Gayle E. Rhoads: The Final Chapter

Gayle photographed circa 1998, during the winter holidays on the north side of the Loma Linda Academy Campus. This image was taken during the "indian summer" of his life. He is shooting photos with a '60s vintange Zeiss Ikon Contaflex Super BC.

This is the end of the story. (For the rest, click here.) Gayle thought he was retiring in 1996. At that time, he could look back on a successful career and a full life. When he addressed the Loma Linda Academy graduating class of '96, he said:

Your uneasiness mixed with determined joy is clear to me.
I am a 1996 graduate of Loma Linda Academy as are you.
I share with you an uncertainty, a hesitancy, a reluctance to be free.
But we cannot turn back.
Achievement, maturity and mission compel us
to go forward. The door closes behind us. The lock snaps.
The past is prologue.
But, there is a door before us!

But the door didn't close, the lock didn't snap, and Gayle didn't retire. He was asked to serve for two more years as the elementary school principal, so he retired again in July of 1998. This was Gayle's entrance into the brief "indian summer" of his life. Even then, Loma Linda Academy asked him to continue serving part-time as the school's archivist, which he did. His third office on the campus was over the industrial arts building (renamed "Rhoads Hall" in 2002) and up a formidable flight of blue stairs. It was fabulously decorated with his antique furniture, and photos of LLA graduates hung in profusion on the walls. He enjoyed spending evenings corresponding with his large circle of friends. Some people just have more friends than others. Gayle was one of them.

As an experienced principal in the Adventist school system, we're fortunate that Gayle recorded some of life's lessons on his computer around this time. Here is his Advice to School Principals and A Simple Counselor's Guide. He also penned this 45-point Instructions for Life for youths. It's an insight into the values of the man and his generation. Number 12, however, was unique to Gayle: "Talk slow, but think quick." He was notorious for his pregnant pauses while speaking--they furnished parody material for his students. But he once commented that nothing galvanizes an audience's wandering attention like unexpected silence from the presenter.

At this same time, Gayle started a self-imposed cognitive improvement program. He memorized a number of his favorite poems, such as "Western Hills" and "High Flight," which he taped to the side of an olive-colored file cabinet next to his desk. Gayle also added to his formidible vocabulary by learning more words. One flash card in particular remained on his desk for months: "vertiginous" (a state of dizziness). In retrospect, the word was a harbinger. By September 1998, Gayle had started to change gradually. He was becoming more quiet, cautious, and introspective. He commented once around this time that he felt he was losing himself. One imagines a change of apparence, too, as in this photo taken in his LLA archive office in April 1999. When his dog died on June 14, 1999, he wept disconsolately, which was rare for him.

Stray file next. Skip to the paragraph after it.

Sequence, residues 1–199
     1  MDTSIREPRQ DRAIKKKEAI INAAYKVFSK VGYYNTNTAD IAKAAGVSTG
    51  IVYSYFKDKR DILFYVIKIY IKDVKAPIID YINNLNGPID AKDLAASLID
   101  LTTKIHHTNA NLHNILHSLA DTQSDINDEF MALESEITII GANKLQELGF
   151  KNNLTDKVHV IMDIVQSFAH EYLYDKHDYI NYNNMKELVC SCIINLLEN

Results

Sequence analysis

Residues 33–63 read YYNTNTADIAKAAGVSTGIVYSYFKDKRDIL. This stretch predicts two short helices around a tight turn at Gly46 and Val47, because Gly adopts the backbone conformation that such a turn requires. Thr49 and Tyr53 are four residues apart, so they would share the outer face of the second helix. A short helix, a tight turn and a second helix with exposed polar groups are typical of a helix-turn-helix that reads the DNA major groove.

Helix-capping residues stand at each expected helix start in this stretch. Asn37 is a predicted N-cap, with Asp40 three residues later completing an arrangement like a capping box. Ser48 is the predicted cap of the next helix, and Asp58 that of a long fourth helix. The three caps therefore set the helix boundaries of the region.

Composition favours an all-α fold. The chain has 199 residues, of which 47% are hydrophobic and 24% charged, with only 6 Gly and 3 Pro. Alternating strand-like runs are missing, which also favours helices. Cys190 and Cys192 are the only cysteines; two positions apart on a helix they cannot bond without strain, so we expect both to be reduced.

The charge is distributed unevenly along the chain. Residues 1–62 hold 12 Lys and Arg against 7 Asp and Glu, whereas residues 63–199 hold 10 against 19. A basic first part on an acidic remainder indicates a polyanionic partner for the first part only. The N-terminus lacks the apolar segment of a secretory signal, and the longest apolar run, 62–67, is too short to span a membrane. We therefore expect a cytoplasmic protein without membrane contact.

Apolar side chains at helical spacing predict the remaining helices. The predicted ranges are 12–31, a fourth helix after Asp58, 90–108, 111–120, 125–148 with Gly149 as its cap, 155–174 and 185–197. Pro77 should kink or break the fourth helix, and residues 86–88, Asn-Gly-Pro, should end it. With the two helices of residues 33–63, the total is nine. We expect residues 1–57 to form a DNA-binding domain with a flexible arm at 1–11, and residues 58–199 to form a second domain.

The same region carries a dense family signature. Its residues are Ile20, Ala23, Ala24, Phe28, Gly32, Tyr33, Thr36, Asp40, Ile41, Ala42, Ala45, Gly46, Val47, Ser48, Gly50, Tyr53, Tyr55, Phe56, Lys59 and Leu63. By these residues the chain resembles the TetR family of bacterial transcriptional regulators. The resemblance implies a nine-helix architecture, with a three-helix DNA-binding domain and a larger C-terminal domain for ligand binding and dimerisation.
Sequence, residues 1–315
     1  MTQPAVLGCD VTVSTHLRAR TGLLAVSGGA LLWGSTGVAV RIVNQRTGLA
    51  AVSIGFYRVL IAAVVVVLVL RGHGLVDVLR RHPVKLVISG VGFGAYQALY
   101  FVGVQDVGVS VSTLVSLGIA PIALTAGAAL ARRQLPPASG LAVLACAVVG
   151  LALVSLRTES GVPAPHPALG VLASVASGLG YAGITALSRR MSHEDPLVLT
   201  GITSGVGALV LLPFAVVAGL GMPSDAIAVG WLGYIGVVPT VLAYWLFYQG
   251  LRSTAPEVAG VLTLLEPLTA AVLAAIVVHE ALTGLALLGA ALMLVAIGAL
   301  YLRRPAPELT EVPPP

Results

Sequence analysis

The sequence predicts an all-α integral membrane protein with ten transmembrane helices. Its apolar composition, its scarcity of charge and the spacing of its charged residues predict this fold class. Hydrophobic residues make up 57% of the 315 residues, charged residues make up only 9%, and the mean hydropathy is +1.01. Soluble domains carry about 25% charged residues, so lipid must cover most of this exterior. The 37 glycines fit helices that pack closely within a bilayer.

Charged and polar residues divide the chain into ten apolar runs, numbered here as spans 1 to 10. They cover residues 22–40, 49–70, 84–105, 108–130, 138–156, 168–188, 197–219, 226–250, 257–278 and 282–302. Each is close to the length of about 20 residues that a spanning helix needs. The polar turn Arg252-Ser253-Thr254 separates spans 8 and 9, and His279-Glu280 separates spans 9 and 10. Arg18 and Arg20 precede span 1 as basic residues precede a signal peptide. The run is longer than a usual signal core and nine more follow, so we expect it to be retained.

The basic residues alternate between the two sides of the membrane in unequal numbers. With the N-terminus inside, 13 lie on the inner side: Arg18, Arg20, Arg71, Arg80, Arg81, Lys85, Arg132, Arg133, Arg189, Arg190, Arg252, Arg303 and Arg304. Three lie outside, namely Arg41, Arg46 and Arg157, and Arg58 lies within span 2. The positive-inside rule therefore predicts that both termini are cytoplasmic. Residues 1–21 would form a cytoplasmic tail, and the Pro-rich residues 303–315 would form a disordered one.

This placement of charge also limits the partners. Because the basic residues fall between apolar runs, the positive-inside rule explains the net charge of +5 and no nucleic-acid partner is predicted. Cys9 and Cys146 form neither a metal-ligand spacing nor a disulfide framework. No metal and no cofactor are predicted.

Was this merely the aging process? Since his physicians had recently changed a number of his medicines, a drug interaction was suspected. The problem was actually a brain cancer, almost certainly a reactivation of his cancer from five years earlier. The new cancer was discovered on August 14, 1999. BJ purchased the family's fourth black poodle before Gayle underwent surgery a few days later on August 25. After recovering from the surgery, he rallied. He typed letters on his computer. He visited with friends. He even walked around a market, pushing his wheelchair--a feat that seems fantastic in retrospect. Then came the radiation treatments in October and November of 1999. We discovered later that radiation was standard medical procedure because of the 30% chance that the cancer could recur. Yet radiation dosages are calculated on averages, and time revealed that the calculated dosage was more than Gayle's body could tolerate. In retrospect, it would have been better to have taken those chances, because the radiation destroyed his ability to learn, and vanquished his personality. A stoic remnant of the man remained, apparently free from pain and emotions. His last four years passed quietly, in his home, with his wife and new poodle at his side. The end came the morning of April 28, 2003. A memorial marked his passing the next day. He's buried at Cherokee Memorial Park, close to Lodi Academy, where he spent what he called his "generous years." For the rest of his story, click here...

GER & Orange Sky

Gayle in wheelchair, contemplating a spectacular sherbert-colored evening sky from the driveway of his Inland Empire house, circa 2002.

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Christmas 2004